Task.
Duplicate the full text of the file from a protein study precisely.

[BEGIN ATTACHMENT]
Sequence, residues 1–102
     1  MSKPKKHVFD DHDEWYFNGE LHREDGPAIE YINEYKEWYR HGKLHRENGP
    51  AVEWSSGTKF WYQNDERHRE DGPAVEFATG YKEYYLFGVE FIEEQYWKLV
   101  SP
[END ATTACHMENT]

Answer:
Sequence, residues 1–102
     1  MSKPKKHVFD DHDEWYFNGE LHREDGPAIE YINEYKEWYR HGKLHRENGP
    51  AVEWSSGTKF WYQNDERHRE DGPAVEFATG YKEYYLFGVE FIEEQYWKLV
   101  SP